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Discussion Starter · #1 ·
Once temps started dropping out here (single digits) the NB cranks very slow upon initial start up in the morning, but seems fine the rest of the day.
I think I'm riding on borrowed time. Is there a battery you could recommend for my '05 TDI?

Thanks
-Bob
 

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Spiral cell batteries like Optima brand don't loose as much in cold weather as conventional batteries. I have one in my NB right now. Using 0w- or 5w- synthetic oil will make a big difference in how hard the engine is to turn when it is that cold.
 

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Discussion Starter · #3 ·
Thanks for the reply, red. Which Optima are you running & did it fit fine in the limited space?

Also any issues with disconnecting the power & radio code stuff? I don't have mine.

Thanks
 

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I got a red Optima, but might consider yellow next time. Yellow will handle deep discharge better in case that should ever happen. There is a size available that is compatible with the NB (size 35 if I recall).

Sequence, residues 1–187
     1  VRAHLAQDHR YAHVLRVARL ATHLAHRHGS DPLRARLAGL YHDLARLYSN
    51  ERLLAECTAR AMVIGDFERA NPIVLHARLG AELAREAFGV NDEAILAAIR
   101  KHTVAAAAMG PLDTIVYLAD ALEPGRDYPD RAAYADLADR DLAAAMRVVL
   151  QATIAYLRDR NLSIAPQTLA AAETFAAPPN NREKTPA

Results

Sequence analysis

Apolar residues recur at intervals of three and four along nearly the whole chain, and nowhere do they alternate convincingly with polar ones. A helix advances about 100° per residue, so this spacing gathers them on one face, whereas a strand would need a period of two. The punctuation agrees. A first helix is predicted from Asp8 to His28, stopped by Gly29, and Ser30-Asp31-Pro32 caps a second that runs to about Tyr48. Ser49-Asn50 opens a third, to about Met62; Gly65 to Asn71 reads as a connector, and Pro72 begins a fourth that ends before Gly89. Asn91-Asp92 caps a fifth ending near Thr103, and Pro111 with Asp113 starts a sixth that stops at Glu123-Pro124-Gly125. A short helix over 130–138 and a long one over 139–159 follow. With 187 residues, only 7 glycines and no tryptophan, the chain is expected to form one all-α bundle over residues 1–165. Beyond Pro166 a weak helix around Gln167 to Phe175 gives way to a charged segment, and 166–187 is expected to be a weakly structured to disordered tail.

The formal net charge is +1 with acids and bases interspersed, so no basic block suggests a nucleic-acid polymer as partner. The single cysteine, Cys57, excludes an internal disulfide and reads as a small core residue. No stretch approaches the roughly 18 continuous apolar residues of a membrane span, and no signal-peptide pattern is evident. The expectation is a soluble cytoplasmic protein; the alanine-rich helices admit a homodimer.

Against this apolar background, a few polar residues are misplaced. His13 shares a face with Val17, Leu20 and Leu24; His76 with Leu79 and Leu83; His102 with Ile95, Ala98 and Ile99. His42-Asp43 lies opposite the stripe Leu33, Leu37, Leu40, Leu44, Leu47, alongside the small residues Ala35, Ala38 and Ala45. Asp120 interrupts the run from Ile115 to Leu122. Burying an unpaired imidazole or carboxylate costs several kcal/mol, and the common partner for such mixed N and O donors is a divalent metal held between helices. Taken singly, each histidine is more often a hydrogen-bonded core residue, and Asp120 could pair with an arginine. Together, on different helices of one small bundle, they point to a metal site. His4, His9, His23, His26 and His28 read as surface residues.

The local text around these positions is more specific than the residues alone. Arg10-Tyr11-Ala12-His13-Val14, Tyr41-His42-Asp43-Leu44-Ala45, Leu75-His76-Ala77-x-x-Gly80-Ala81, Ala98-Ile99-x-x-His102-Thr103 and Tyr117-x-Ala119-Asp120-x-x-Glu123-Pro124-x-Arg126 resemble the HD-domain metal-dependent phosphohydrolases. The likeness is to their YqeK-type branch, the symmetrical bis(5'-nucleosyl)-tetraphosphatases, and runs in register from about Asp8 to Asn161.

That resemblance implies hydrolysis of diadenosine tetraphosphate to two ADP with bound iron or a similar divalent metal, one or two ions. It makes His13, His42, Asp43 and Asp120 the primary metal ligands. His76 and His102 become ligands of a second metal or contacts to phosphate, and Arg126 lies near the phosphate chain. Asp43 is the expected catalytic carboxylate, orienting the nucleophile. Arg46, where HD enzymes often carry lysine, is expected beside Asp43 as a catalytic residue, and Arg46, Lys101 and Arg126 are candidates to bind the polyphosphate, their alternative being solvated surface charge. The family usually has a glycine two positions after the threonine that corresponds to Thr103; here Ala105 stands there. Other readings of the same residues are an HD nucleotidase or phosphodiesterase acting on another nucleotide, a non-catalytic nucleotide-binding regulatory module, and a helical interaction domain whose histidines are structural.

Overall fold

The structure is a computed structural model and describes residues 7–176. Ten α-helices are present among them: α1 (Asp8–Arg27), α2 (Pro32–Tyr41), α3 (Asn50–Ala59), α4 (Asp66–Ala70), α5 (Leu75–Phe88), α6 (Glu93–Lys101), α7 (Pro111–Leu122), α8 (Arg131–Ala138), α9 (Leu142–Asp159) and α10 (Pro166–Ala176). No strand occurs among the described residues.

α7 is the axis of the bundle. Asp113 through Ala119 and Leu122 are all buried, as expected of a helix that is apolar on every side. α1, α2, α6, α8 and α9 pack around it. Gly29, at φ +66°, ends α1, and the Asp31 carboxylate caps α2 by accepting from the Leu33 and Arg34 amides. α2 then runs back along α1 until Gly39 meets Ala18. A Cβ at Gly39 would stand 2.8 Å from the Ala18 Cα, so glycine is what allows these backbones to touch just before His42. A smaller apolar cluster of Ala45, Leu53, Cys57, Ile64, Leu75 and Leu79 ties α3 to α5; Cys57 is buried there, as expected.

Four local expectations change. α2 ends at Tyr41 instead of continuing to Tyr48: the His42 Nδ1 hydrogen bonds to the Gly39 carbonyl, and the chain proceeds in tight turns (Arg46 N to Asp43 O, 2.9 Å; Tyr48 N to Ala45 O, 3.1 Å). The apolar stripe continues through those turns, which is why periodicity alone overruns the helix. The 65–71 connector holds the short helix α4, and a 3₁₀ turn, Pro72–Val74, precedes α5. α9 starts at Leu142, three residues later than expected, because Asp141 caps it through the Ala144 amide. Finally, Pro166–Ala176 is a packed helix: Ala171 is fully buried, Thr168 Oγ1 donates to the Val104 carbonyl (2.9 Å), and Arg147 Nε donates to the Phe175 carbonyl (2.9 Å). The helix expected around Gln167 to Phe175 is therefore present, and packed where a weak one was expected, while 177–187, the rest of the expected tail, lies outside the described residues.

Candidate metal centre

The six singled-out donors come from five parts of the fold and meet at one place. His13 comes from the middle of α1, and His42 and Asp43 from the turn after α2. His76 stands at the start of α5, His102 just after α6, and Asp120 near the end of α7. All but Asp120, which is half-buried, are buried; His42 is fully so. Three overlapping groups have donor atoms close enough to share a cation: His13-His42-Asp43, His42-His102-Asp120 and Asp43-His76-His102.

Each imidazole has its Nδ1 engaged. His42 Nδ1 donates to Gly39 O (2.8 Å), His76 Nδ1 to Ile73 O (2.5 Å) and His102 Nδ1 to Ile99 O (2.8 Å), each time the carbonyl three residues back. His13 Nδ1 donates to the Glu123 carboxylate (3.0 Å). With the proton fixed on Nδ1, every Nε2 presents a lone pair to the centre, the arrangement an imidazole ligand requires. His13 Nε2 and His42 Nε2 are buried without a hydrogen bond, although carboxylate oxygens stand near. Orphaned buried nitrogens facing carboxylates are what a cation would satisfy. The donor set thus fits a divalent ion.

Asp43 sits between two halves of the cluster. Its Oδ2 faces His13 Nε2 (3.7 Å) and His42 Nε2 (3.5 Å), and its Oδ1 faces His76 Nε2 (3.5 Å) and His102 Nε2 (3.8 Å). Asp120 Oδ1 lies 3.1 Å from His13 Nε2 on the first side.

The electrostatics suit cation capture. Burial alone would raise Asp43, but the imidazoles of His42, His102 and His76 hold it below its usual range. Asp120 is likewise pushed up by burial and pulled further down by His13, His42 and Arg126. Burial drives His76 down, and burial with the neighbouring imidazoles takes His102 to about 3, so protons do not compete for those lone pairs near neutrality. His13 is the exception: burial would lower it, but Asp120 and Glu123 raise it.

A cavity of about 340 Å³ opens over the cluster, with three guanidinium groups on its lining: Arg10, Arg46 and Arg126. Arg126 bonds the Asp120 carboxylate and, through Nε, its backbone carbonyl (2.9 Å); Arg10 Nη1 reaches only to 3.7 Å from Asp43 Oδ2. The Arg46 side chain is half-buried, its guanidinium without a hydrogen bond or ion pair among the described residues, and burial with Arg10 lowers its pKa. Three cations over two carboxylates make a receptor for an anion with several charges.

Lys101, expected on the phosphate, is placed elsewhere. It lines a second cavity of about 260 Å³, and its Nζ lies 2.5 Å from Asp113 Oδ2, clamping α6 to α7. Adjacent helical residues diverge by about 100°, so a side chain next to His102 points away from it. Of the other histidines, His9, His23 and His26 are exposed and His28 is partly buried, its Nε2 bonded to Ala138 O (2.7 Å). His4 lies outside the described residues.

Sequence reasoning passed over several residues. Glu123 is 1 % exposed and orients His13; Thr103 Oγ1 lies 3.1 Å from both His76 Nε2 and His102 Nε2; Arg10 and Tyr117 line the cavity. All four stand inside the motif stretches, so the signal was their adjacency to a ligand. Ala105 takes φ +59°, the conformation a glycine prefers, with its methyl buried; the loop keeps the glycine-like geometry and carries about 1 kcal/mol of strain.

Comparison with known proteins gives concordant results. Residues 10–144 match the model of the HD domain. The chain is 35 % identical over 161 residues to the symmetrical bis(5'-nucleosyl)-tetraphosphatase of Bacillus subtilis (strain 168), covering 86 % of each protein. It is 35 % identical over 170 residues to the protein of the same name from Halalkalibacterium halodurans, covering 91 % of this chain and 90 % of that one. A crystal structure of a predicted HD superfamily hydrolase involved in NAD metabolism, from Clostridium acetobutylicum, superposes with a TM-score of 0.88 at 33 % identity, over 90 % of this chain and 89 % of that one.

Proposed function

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red, keep in mind that the op has a TDI. They require a certain oil weight. Since the OP has a PHD engine, he should be running a quality 5w40 rated for his engine. 0 weight oil is not approved for them.

Since you have a TDI, you need to be sure you have the right size battery for your car. The diesels take a lot of juice to get started with the high compression and glow plugs so they are going to be a bigger battery than one for a gas car.

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I have had a few slow crank mornings since the weather got cold. I did have my battery tested just before the cold weather hit and was told my battery was good. I also get a decent puff of black smoke on cold mornings at start up.

Can you take your car to an auto part store and get a free battery test done? You might just need to invest in a battery warmer for the cold months.
 

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One thing that helps in the morning is to cycle the glow plugs three times before attempting to start. VW uses a short cycle on the plugs and in cold weather it doesn't seem long enough.